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High Rates of Anemia in Ireland, But Low Screening for Common Causes

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A new study by researchers at University of Limerick has found high rates of anaemia among patients in the health system, while screening for common causes is low.

The research study carried out by a team at University of Limerick School of Medicine found that substantial numbers of men and women in the health system had anaemia, the presence of which is strongly associated with high rates of hospitalisation, death, and poor quality of life.

Anaemia (a low level of haemoglobin in the body) is a common but treatable condition that predicts adverse clinical outcomes. It affects nearly two billion people across the globe and is the third-leading cause of years with lived disability in the world.

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While the study revealed a high burden of patients with the condition, it found that there were relatively low rates of screening for treatable causes of anaemia, including deficiencies in vitamin B12, folate, and iron, which highlights an important gap in care delivery programs and emphasises the need for quality improvement initiatives.

Prior to the large population-based study, the prevalence of anaemia and information on its underlying causes was largely unknown as data at the national or regional level was limited.

The research, published in the journal BJGP Open, is the largest study ever to explore the burden of anaemia and the extent of investigation for underlying common causes in Ireland.

The study found that 12% of Irish patients had anaemia with 1 in 8 women (13.2%) affected and 1 in 10 men (10.5%). Most of these patients were found to have had mild anaemia (9.1% of total), with moderate to severe anaemia present in the remaining 2.9%.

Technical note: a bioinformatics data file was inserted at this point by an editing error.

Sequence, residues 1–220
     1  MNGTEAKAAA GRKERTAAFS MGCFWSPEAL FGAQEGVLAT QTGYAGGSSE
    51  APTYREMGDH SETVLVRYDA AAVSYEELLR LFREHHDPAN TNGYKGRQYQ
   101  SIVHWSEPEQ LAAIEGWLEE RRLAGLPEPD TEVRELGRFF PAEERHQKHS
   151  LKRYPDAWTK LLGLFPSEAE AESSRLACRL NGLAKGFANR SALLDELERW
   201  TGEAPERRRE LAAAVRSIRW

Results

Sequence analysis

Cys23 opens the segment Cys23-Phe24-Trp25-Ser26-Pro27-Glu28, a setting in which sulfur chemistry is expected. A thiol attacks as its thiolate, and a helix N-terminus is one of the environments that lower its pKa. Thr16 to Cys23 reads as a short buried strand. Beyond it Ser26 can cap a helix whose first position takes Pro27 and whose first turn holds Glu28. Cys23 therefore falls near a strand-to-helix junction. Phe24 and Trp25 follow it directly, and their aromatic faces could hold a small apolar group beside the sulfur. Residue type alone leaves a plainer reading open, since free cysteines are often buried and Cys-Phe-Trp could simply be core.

The percentage of patients with anaemia was particularly high in elderly patients, and in patients with underlying medical conditions such as kidney disease, diabetes and for patients undergoing treatment in specific clinical settings.

Despite the high burden of anaemia, less than 20% of anaemic patients were tested for deficiencies of vitamin B12 and folic acid, and only one third of all patients were screened for iron deficiency during follow-up.

Although there was some improvement in screening rates with increasing severity of anaemia, approximately 50% of patients with severe anaemia did not undergo screening.

“This is the largest study to address the magnitude of anaemia and the extent to which it is investigated in the Irish health system,” according to senior investigator Professor Austin Stack, Foundation Chair of Medicine at UL’s School of Medicine and Consultant Nephrologist, University Hospital Limerick.

“Our study reveals a significant burden of anaemia that was present in several high-risk groups, including patients with diabetes, chronic kidney disease, and the elderly. The prevalence of anaemia increased exponentially in older men and women, highlighting their increased vulnerability.